Thursday, April 28, 2011

Join the rebellion

Praise is the great act of rebellion against sin, the great repudiation
of our wicked refusal to acknowledge God to be the Lord.
(John Webster, Holiness, SCM Press, p. 76)

Christians, eh? What a sad lot. Devoted as they are to a tedious life of drab, unthinking obedience. By way of contrast, the non-believer is a free spirit, a rebel who refuses to conform to the conventions of the age. In the film The Wild One, Mildred asks Mardon Brando's leather-jacketed anti-hero, "What're you rebelling against, Johnny?" To which he famously replies, "Whaddya got?" That's the kind of spirit we so admire these days, disaffected rebellion against stultifying conformity.

But hang on a minute. Just who's the rebel in contemporary society? In these secular times it is hardly the one who scorns faith and lives as if there were no God saying, "Let us eat, drink and be merry, for tomorrow we die." That attitude is now boringly mainstream and conformist. It's the message of the celeb obsessed glossy mags and also that of the cultured despisers of religion, Dawkins and Hitchens.

Christianity has long been sidelined as an embarrassing hangover from the past. These days secularism is the default option. Its outlook is constantly being reinforced in controlling yet subtle ways. The popular soap operas pump out a diet of postmodern morality, where the viewer's instinctive sense of what's right and wrong is subverted and corrupted. Anyone who dares question whether homosexual relationships are as valid as heterosexual marriage is roundly denounced with an intolerant zeal that would have pleased the bad old Spanish Inquisitors. In 'post-Christian' Britain the deep human longing for meaning and purpose in life is channelled into schedule-clogging reality TV programmes. Contestants wax existential on what it would mean for them to fulfill their 'destiny' by winning Britain's Got Talent or the X-Factor. Of course, the fact that for every successful Leona Lewis there is an embittered Steve Brookstein is quietly forgotten. The poor dupes have bought into the secular myth of purpose without providence.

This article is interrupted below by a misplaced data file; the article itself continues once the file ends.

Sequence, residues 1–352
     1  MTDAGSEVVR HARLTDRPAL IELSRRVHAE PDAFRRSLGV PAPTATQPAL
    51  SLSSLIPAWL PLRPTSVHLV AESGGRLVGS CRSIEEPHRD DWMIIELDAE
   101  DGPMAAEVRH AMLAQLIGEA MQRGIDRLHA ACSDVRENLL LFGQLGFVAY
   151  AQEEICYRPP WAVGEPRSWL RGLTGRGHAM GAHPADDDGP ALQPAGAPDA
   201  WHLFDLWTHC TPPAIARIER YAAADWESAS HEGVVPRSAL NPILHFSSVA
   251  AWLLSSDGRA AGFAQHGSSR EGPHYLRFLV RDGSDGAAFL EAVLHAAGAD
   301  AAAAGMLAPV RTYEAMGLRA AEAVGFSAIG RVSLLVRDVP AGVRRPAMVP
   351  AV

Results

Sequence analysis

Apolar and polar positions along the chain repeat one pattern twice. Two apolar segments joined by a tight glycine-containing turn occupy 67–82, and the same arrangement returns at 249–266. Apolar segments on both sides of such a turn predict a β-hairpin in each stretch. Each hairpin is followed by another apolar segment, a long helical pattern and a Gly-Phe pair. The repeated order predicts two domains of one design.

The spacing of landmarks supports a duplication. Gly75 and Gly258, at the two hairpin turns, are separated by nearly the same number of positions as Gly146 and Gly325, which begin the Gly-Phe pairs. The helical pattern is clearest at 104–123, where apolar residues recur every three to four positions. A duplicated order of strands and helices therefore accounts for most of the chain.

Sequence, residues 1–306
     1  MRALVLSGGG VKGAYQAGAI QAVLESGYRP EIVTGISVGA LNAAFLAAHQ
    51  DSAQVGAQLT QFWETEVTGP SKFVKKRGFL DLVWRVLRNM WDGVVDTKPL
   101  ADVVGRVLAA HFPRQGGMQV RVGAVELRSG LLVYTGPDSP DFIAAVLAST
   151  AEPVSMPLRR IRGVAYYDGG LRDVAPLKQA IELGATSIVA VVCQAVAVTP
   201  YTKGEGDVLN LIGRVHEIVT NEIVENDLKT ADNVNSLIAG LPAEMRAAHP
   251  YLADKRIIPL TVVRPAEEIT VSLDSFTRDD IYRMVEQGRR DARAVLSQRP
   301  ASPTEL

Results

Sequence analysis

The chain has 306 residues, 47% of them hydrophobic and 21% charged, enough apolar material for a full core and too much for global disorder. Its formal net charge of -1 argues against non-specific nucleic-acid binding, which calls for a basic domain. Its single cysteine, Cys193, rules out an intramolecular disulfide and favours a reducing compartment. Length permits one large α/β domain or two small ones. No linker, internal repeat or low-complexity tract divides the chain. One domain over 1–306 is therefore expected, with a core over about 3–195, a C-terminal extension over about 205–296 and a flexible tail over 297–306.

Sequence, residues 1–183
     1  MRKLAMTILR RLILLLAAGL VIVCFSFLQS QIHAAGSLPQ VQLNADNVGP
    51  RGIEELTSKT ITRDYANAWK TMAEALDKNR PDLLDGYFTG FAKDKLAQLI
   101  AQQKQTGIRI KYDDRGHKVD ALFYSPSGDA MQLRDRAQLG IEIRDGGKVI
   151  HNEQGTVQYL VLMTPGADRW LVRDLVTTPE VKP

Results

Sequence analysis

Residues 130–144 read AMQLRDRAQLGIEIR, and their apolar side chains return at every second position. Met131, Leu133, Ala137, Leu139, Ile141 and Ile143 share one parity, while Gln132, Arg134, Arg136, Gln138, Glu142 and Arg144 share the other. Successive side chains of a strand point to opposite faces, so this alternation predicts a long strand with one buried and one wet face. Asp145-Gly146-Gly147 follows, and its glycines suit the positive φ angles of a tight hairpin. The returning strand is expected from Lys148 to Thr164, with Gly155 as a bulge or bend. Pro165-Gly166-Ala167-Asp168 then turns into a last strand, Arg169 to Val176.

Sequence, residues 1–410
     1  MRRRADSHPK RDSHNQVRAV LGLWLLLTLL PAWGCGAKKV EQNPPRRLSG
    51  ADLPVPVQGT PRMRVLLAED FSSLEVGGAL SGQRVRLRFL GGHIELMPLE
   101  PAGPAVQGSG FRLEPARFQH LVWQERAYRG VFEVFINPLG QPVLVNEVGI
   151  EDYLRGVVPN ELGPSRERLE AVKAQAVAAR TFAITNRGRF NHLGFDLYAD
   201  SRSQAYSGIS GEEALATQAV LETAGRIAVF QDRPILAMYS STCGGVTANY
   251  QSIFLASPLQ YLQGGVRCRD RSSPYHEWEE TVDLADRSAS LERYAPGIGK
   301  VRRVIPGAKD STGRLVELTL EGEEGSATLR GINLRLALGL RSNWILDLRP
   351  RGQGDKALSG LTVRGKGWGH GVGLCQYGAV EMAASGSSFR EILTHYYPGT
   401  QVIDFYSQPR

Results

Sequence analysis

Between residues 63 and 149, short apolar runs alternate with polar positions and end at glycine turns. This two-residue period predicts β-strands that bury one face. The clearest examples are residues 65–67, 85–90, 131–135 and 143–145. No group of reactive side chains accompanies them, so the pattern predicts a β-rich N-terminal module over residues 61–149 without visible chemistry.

This is a manifestation of what the Bible calls "the course of this world" (Ephesians 2:2). The mindset of the world is dominated by a preoccupation with the here and now, what the apostle John calls, "the lust of the flesh, the lust of the eyes and the pride of life" (1 John 1:15-17). This anti-God world is not, however, a secularised spiritual vacuum. Oh no. It is presided over by "the ruler of this world", the devil (John 14:30). He is the "god of this age" (2 Corinthians 4:4). He seems to offer his subjects freedom; freedom from God, freedom from law, freedom from accountability, but in reality he is the worst of tyrants. He binds this world in the heavy shackles of slavery to sin.

In his allegory, The Lion, The Witch and The Wardrobe, C. S. Lewis pictures the land of Narnia under the spell of the evil White Witch. Under her reign it is always cold, monochrome winter and never Christmas. She brooks no rebellion and small acts of disobedience attract her terrible revenge. But there is hope for Narinia and its inhabitants in the form of Aslan. The majestic lion will lead the rebellion against the tyrannical rule of the White Witch and set Narnia free. Note the way Lewis has cleverly turned the tables on the conventional wisdom that goodness is boring and evil is glamorously rebellious. The true rebels are those who follow Aslan, the lion who, although not tame, is good.

Just like the servants of the White Witch, it is the non-believer who is often guilty of unthinking obedience. Not obedience to an all powerful and all loving Creator, mind you. No self-respecting non-Christian would submit to God's self-revelation in the Holy Scriptures. Indeed, such is the slavery of sin, they can't. But their thinking and choices are all too frequently dictated by fashionable opinion formers and ad men. That means postmodern scepticism regarding truth claims wedded to a gullible willingness to believe that using Lynx deodorant will get you a girlfriend and that your life will only be complete once you've got the latest iPad.  

The believer dares to defy this sin-enslaved world and rebel against its god. Some of the Bible's great heroes have been rebels with a cause. Take Moses demanding that Pharaoh let God's people go. Take Daniel's three friends defying Nebuchadnezzar's command to bow before his golden image. Take Mordecai refusing to pay homage to wicked Haman. Above all, take Jesus. He refused to bow down and worship the devil, he resisted his every temptation and triumphed over him in his death for sinners.

Don't be conformed to this world, but be transformed by knowing Jesus. His cross and resurrection were the beginning of the great insurrection against the enslaving power of sin and death. Trust in him to deliver you from this present evil age. Find true freedom in following the Servant King. Go on, be a rebel.


David R. Nelson said...

Thanks, Guy. You show yourself to fall in line with rebellious Welshmen as Lloyd-Jones describes! Is it not the nature of sin to dupe it's victims into assuming that their way is the creative, intellectual path? Hence, Cornelius Plantinga entitled his 1995 book, "Sin: Not the Way It's Supposed to Be." Thank you for your insights.

James Miller said...

I enjoyed this post Guy.